“Thanksgiving!” blurted my wide-eyed daughter, the day after Halloween. “I got dibs on the legs! And maybe a wing,” she continued, finger and thumb hooked on her chin as she changed her mind mid-sentence. Her younger brother immediately protested, more from reflex than understanding exactly what he was protesting.
I was glad to know she was thinking about the holiday. Not with the sense of generosity I thought she should have, but it was a start.
I considered that some feeling of tradition may be taking hold in the kids. Thanksgiving, particularly, seems tailor-made for family customs through which we learn to revere it. And as important as this holiday is, anything that encourages respect for it, not including football or my efforts to tweak my in-laws’ Commandment-like menu, should be passed down.
About a week prior, for example, we’ll all get emails from my mom announcing breakfast with a family favorite, chipped beef on toast. Easily made in large quantities, this stuff is happiness in a pot, a back-patting hug for my inner glutton. Drawn to the kitchen like moths to an exposed bulb, we start using family-friendly language such as “…just one more pound…” and “…get away from me with that fork or I’ll…”. Nothing signifies family bonding like the potential for combat with heirloom utensils.
Preparation, learned from her grandmother, is simple. She sautées fresh chipped beef in a pot with equal amounts of butter and flour, five or six tablespoons each per pound, and a little black pepper. When the flour is fully cooked, she covers with whole milk and simmers until the goodness thickens. This recipe is close, so experimenting is recommended. Salty, prepackaged beef and garnishes, however, are not.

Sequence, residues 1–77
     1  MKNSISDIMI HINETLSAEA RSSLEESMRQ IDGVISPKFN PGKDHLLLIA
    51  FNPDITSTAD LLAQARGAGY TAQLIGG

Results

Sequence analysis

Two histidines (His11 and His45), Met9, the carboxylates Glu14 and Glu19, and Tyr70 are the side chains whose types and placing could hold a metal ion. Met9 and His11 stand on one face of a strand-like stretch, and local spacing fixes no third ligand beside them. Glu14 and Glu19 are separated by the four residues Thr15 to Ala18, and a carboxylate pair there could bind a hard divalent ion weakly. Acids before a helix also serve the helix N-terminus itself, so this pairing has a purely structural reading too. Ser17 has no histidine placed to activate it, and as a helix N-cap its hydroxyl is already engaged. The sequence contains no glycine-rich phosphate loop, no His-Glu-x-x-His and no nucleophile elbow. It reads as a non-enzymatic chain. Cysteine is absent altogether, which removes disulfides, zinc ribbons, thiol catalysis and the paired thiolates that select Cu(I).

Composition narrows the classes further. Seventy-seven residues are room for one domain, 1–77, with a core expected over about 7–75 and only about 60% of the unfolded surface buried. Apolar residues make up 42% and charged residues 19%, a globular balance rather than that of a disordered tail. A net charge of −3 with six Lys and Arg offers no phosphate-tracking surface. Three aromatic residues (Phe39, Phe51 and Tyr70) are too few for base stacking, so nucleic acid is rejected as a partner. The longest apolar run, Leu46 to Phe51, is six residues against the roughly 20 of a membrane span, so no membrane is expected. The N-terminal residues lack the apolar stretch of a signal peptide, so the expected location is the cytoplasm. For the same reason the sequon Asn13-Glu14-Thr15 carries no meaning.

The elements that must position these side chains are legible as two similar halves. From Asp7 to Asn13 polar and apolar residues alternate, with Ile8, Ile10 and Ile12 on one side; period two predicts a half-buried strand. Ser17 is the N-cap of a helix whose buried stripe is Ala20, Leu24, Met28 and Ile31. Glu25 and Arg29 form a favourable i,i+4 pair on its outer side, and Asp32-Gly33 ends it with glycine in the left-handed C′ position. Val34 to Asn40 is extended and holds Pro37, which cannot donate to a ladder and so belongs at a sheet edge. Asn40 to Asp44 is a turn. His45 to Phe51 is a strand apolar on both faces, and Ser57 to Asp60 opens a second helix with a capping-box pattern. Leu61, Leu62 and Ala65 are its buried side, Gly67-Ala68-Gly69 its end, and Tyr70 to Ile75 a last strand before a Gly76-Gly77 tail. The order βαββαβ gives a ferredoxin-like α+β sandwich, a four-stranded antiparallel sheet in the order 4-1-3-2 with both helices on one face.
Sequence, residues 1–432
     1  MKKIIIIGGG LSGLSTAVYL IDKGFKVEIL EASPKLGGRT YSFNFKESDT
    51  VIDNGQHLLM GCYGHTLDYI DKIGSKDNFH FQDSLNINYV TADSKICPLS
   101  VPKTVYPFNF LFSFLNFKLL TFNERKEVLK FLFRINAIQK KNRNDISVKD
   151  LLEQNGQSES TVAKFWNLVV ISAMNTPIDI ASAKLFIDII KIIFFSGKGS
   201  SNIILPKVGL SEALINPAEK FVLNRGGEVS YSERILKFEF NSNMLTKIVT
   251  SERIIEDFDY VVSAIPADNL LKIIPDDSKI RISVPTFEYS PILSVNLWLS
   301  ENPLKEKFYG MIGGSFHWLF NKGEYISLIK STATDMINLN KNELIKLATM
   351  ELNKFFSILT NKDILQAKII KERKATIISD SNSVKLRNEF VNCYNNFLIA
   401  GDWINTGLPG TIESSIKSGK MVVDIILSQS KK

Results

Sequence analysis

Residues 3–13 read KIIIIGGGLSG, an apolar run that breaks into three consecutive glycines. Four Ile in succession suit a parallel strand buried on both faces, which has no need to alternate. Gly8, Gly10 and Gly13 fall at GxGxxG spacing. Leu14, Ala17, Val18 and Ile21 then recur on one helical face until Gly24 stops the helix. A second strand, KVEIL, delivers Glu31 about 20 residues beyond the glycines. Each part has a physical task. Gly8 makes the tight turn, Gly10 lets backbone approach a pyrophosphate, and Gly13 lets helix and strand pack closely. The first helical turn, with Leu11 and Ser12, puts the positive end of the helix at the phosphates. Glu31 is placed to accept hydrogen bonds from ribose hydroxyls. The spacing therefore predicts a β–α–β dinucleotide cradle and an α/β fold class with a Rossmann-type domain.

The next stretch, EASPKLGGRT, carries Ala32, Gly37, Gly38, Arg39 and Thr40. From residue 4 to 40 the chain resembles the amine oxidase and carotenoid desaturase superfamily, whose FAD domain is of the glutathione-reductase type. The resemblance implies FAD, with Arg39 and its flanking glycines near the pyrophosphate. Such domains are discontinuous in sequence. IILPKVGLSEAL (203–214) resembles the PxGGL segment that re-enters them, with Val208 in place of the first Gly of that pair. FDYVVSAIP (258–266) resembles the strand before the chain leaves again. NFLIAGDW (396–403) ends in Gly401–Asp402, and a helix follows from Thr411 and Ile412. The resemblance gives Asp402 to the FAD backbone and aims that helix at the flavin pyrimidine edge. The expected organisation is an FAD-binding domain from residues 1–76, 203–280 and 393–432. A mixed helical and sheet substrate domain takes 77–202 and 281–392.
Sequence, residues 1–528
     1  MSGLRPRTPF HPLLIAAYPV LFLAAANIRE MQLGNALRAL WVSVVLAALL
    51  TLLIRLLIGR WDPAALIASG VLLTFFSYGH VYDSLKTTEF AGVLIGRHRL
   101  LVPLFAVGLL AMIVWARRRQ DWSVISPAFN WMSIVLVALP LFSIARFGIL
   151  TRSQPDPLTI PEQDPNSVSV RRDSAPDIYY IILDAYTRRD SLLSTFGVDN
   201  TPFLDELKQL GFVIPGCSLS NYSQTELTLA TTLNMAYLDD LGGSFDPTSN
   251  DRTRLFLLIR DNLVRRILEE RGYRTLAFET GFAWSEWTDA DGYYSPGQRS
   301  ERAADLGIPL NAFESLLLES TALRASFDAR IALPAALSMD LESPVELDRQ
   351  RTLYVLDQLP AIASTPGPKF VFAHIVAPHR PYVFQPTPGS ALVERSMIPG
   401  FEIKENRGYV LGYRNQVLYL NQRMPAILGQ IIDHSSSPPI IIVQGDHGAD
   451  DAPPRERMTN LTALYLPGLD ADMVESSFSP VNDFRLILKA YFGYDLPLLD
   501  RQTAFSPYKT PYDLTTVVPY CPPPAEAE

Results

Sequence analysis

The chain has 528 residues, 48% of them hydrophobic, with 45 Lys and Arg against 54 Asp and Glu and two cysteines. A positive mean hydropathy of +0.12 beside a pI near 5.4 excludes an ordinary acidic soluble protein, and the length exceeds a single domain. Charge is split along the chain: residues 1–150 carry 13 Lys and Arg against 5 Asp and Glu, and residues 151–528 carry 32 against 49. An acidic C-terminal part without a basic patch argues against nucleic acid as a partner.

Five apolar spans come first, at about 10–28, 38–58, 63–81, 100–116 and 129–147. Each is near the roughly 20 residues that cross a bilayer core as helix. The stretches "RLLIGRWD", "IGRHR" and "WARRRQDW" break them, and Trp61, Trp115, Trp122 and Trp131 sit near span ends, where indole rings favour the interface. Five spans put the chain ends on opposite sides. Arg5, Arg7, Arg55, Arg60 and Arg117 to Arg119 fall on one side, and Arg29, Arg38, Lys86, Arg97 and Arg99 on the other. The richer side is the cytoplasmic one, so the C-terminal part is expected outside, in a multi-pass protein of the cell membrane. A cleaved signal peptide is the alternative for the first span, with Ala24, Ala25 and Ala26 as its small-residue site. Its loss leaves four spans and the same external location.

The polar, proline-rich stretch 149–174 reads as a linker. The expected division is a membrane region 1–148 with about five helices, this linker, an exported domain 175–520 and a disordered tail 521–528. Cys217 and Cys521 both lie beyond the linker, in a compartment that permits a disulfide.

Not only is this a delightfully tasty sign of love, but a shrewd release valve for the not-inconsiderable pressure of the uncomfortable Dinner Commitment Dance we all do about the question. If breakfast is together, it’s slightly easier to have dinner elsewhere. Everyone wins.
In my immediate family, we started a new practice this year. My older son became a Cub Scout, and participated for the first time in their neighborhood food drive for Philabundance, the largest hunger relief organization in the Delaware Valley. Through his pack, we contacted our neighbors and friends to request donations. Once we talked about what we were doing and he got through the abstractions, he got very enthusiastic and generous. He asked a lot of questions, suggested we sign thank you notes (for which we got some appreciative responses), and was generally excited about helping. We got enough in my neighborhood to fill the bed of my pick-up. I was very proud of him, and he told everyone about the experience.
We’re coping with another blossoming tradition—kids helping with cooking. Actually, I’m really only responsible for pumpkin pies, so it’s really about baking. Same principles, though.
For the last few years, my daughter helped make the pies. She still sweetly pulls a chair up to the counter to kneel on. Not that it makes any difference; she has not needed to since she was six. Though I watch constantly, I’ve let her do more each year. She handles it. Whatever concerns I have left are slipping. But remarkably, for all the fleeting attention she gives her friends, devices, or TV, this grounds her a little. She concentrates like a bird dog on measuring everything, mixing properly, filling the pie shells, and peeking in the oven every few minutes. Expectant fathers are not that impatient.
Before either of us know it a couple of hours have passed, and we’re chastised for not being dressed, the rest of the world shut off while we were working.
Good customs to nurture, I think. And one even tastes pretty good with ice cream.